The San Francisco study, conducted by Dr. Jeffrey Klausner, showed that gay and bisexual men are four times more likely to use Viagra recreationally than are heterosexual men. Of those gay and bisexual Viagra users, 43 percent mixed it with Ecstasy and 28 percent with methamphetamines (known as "poppers," which can potentially lead to an unsafe drop in blood pressure if a male has any undiagnosed cardiovascular troubles).
Nonetheless, Garafolo insisted, he sees plenty of "straight" adolescents who are using the drugs. In some cases, he said females are encouraging Viagra use for their male partners.
Gay men are simply ahead on the social learning curve. Garafolo agreed that ignoring the heterosexual misuse of Viagra is similar to society's wrongheaded tendency to link HIV/AIDS only to gay men.
"It is a fallacy to consider it as strictly a gay issue," said Garafolo, who sees mostly gay patients at the Howard Brown center and many heterosexuals at his Children's Memorial practice.
Morgentaler said hundreds of heterosexual men come to his Men's Health Boston practice. And he's also keenly aware of the street buzz about Viagra.
"College-age students take Viagra to parties or get offered it," Morgentaler said. "Guys who hear about a friend's marital or girlfriend problems will half-joke that maybe the friend needs some Viagra to `spice things up a bit.' Viagra has left the realm of a medically prescribed drug."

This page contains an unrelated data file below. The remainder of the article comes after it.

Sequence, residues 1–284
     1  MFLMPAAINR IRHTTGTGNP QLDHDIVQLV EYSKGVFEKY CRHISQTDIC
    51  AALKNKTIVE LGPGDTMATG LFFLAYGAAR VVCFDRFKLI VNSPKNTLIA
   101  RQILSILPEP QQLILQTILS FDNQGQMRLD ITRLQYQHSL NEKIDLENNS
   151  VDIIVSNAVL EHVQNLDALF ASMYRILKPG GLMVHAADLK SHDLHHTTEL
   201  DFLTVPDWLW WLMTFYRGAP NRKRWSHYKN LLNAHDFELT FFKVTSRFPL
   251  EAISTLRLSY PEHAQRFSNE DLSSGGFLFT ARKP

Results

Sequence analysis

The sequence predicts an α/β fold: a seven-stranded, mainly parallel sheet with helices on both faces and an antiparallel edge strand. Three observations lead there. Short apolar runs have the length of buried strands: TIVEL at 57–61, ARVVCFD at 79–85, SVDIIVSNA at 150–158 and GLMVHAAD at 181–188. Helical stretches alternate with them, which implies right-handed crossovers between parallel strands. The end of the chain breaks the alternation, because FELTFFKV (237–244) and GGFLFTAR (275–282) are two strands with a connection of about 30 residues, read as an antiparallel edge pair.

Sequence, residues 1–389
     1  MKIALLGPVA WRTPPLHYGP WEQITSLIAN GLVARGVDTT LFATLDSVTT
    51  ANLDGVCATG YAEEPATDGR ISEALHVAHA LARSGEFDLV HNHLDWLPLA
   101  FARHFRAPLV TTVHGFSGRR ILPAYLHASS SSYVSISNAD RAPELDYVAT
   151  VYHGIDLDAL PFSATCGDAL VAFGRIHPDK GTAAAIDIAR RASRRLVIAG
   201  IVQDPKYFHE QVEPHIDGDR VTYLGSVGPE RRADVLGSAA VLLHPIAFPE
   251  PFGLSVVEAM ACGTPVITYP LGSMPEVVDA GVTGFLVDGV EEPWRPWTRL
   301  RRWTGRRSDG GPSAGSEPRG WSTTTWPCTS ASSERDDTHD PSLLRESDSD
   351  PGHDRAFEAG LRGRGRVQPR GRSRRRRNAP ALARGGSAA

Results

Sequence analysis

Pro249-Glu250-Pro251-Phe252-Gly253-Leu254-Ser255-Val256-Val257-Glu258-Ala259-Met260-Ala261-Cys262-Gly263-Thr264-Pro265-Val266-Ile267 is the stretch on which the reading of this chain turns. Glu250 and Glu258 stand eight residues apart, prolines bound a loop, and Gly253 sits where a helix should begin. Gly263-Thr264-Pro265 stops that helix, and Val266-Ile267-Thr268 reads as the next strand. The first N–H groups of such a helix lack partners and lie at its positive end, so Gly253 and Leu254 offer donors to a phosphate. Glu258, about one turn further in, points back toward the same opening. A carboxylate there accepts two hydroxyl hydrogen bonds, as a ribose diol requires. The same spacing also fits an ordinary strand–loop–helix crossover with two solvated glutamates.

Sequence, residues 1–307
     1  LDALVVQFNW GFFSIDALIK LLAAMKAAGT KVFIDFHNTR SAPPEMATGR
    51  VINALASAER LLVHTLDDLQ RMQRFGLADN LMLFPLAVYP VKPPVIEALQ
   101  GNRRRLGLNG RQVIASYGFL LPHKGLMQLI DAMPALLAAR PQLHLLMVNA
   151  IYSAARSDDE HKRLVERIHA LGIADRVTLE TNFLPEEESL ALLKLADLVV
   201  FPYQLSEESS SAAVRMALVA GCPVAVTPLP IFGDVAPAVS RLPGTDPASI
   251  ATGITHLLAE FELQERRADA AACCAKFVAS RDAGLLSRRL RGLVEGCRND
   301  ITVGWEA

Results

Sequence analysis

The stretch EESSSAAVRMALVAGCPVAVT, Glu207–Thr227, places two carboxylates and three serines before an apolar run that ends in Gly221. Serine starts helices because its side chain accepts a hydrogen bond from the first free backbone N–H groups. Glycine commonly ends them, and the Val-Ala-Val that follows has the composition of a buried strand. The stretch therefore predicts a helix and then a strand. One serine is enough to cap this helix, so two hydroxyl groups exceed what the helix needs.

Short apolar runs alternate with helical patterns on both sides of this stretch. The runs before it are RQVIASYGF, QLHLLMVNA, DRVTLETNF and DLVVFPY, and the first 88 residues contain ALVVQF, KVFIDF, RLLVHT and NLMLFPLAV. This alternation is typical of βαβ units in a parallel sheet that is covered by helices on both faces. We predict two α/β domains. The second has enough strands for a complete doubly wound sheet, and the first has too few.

For its part, representatives of Pfizer, the makers of Viagra, have stated "the product is for men with erectile dysfunction" and that the company has "opposed recreational use from day one."
Morgentaler said he is always "reluctant to prescribe Viagra to anyone who doesn't truly need it," but that typically won't stop patients from regularly asking for "a six-pack." Those guys are not asking for beer. Viagra comes in a convenient sample pack of six, which Pfizer provides to doctors as a way for patients to try the drug.
"It's a stroke of (advertising) genius, evoking two great images of American maleness," Morgentaler said. "The first, of course, is the six-pack of beer. The second refers to the highly desired set of abdominal muscles."
One problem with Viagra use is that some men-usually older males-might unwittingly mix nitroglycerin heart medicine and the sexual function drug. This combination can create potential blood pressure irregularities. It's most likely when a man is handed a sample pill from a friend (who maybe got the six-pack from his doctor) or uses an online pharmacy for his supply (answering a mere few general health questions).
What's more, Morgentaler sees a growing number of men , including guys in their 20s and 30s, creating another problem. They take Viagra figuring to be sexual supermen early in a relationship. Then the question is, once the relationship blossoms, does the man keep taking Viagra-or Levitra or Cialis-for the rest of his love life, whether he needs it or not?